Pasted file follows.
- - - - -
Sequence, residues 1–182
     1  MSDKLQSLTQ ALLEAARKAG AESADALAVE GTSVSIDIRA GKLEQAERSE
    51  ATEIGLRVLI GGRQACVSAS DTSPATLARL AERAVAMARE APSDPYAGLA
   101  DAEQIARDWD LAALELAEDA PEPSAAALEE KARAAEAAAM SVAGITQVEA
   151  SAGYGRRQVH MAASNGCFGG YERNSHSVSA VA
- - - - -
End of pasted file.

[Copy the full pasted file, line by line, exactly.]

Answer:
Sequence, residues 1–182
     1  MSDKLQSLTQ ALLEAARKAG AESADALAVE GTSVSIDIRA GKLEQAERSE
    51  ATEIGLRVLI GGRQACVSAS DTSPATLARL AERAVAMARE APSDPYAGLA
   101  DAEQIARDWD LAALELAEDA PEPSAAALEE KARAAEAAAM SVAGITQVEA
   151  SAGYGRRQVH MAASNGCFGG YERNSHSVSA VA